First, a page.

By: Alicia Mina
From the 1920s until well into the 1960s, the look of most American cars used to change every year. Car dealers would paper over their showroom windows each September, just before the new models were released to the public. This piqued the curiosity of the public, which built strong anticipation for the new model year. It also brought shoppers to showrooms in droves when the cars were finally unveiled—usually in a grand celebratory fashion.
Marketing using curiosity in ecommerce can work in much the same fashion.
Curiosity Is Innate to our Nature
Human beings are naturally curious creatures. When presented with just a bit of information about something in which we have an interest, our natural tendency is to strive to learn more.
For marketers, the trick is landing right between what people already know and what they want to know. Whether you’re selling ebooks, promoting a film or any other product, the idea is to tease what’s to come without giving people enough information to feel they already know what it is—or will be.
You also want to elicit an emotional response whenever possible.
Email Subject Lines
Emotion and curiosity can serve you well in your email marketing campaigns. Your subject lines should be just informative enough to get the reader’s interest, but not so revealing people won’t feel a need to click to find out what’s up.
To arouse emotions, information and intrigue must be blended deftly. In the case of an ebook store, when a popular writer like Stephen King is introducing a new book, you could accomplish this with a subject line such as:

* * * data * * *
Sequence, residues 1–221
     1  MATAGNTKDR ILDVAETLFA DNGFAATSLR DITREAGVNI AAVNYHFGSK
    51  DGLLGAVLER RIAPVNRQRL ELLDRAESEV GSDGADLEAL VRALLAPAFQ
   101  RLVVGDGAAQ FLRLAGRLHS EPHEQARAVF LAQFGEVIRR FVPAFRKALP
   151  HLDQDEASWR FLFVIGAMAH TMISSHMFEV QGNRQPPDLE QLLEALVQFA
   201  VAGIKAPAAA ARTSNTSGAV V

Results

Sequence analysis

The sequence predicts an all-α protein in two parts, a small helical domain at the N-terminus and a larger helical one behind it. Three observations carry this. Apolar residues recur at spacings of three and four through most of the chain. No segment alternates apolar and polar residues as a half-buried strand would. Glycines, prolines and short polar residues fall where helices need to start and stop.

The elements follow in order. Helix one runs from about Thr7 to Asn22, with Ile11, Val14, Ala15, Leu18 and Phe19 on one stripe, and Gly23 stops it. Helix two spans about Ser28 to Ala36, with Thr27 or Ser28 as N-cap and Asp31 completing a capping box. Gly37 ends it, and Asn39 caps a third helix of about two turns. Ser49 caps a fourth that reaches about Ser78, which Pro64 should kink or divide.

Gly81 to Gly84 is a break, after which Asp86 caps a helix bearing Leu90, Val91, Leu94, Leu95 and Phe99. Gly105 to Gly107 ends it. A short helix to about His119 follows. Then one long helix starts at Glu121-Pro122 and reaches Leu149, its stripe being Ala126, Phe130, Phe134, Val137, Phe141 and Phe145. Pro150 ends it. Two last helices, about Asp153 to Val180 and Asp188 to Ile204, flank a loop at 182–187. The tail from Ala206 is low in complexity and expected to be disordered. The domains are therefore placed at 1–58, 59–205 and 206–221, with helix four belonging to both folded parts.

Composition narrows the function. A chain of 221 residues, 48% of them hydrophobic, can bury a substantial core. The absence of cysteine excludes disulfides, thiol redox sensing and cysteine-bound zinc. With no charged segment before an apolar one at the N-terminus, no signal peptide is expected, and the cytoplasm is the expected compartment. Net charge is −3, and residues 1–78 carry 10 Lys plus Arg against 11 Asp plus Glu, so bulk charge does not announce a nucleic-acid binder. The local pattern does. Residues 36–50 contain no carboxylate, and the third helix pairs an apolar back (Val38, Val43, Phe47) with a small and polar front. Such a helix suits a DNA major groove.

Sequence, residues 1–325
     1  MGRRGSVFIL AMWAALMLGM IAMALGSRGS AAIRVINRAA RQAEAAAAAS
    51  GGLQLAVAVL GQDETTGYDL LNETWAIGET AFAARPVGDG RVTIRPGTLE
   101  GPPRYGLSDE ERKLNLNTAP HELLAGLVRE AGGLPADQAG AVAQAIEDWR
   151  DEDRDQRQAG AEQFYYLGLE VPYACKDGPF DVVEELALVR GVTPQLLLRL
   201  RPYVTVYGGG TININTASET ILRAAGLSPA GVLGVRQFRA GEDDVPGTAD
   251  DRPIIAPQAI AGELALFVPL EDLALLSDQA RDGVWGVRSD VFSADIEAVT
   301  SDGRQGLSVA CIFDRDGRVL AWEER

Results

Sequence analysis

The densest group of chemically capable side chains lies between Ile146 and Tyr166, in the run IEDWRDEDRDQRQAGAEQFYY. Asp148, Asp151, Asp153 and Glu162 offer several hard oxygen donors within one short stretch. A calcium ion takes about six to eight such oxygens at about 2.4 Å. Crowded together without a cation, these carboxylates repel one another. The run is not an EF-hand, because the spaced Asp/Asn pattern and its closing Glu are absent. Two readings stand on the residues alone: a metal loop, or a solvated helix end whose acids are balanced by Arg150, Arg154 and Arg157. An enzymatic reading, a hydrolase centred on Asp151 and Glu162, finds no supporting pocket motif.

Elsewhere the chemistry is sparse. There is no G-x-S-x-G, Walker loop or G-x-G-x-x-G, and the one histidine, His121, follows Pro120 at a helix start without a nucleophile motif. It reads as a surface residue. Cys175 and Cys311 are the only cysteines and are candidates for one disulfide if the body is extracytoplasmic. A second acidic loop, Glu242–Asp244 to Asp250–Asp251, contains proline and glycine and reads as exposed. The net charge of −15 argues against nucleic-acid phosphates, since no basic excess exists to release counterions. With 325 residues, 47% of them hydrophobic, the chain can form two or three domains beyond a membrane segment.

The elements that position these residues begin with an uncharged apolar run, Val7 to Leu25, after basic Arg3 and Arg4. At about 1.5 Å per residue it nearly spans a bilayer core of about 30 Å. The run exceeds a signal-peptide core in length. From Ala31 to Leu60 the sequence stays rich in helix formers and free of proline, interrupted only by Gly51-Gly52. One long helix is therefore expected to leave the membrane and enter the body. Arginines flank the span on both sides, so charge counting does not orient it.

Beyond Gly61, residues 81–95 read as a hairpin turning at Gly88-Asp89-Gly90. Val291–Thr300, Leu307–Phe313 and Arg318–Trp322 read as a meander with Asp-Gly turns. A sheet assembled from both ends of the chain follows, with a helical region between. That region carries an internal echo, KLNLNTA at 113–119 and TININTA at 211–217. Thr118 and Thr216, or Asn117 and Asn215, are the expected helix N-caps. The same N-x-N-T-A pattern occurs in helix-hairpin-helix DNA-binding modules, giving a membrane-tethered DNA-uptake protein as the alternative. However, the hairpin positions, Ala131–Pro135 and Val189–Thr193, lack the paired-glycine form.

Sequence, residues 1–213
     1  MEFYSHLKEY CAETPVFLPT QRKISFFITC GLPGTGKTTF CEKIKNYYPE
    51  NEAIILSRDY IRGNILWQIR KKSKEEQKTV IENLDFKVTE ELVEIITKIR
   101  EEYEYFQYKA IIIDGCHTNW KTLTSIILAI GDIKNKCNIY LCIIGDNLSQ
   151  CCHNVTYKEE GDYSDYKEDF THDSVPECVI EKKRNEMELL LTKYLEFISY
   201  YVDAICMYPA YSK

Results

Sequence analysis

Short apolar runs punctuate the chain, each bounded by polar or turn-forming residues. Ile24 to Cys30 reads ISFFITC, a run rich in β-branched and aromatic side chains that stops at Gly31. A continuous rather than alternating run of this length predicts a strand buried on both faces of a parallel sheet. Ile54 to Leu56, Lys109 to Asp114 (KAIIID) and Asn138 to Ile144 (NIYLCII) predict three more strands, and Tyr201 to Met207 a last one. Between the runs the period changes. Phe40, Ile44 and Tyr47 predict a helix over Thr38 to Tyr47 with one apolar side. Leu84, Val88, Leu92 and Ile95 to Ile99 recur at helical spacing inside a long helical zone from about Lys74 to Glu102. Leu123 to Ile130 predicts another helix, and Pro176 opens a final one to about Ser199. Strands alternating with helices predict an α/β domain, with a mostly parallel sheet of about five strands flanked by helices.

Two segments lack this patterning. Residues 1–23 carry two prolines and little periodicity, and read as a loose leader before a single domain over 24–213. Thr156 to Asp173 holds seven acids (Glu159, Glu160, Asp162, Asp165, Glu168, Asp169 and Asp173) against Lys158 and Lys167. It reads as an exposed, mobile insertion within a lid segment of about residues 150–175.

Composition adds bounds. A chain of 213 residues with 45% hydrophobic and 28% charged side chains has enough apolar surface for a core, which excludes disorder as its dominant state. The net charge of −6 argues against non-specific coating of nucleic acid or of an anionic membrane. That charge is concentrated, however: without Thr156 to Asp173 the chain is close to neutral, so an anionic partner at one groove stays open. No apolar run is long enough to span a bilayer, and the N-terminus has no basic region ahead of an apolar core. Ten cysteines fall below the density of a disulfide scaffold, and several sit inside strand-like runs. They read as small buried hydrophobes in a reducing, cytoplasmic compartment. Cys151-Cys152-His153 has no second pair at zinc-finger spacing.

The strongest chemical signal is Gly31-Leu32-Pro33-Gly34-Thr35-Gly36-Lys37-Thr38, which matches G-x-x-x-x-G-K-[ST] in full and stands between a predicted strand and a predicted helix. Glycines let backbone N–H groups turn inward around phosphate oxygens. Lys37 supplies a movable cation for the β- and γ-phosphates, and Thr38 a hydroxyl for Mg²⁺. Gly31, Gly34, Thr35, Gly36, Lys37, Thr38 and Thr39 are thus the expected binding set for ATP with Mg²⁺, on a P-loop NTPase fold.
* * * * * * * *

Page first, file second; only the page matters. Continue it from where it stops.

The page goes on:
“King’s New Book Incites Arguments”
Readers interested in King’s work will click through to see why and give you a shot at converting them. Those who like King will look to see if their affinities are confirmed, just as much as those who despise him will look to see if their disdain is still justified.
Even if the writer isn’t well known, you can still find an area of intrigue from which you can spin curiosity and entice click thru.
The medium’s quizzes are one of its most successful curiosity-based ploys.
Getting back to King, you could devise a social campaign offering a 15 percent discount for users who successfully answer eight of 10 questions about the writer, thus proving they’re loyal fans.
This introduces an element of competition as well.
And again, even if you’re promoting a less popular writer, you can still craft a quiz that will entice people to want to learn more about the book.
Avoiding Click Bait
There is a significant difference between appealing to the curiosity of your customer base and assaulting them with click bait. Yes, both rely upon the same basic premise of engendering curiosity. However, click bait typically results in an unsatisfying experience. It either fails to deliver on the implied promise, or falls flat with no regard to the consequences.
Your goal is to drive traffic to your product description with the intention of converting those users into sales. Thus, you must ALWAYS deliver upon the promise.
Going viral is a worthy goal, but it’s hard to manufacture. All variables must line up just right. Yes, it happens every day, but it’s always around a wide variety of circumstances. When you’re marketing using curiosity in ecommerce it’s far better to focus on what you know about your ideal customer and craft your campaign to appeal to them specifically.
If it goes viral too—hey, that’s gravy on the steak.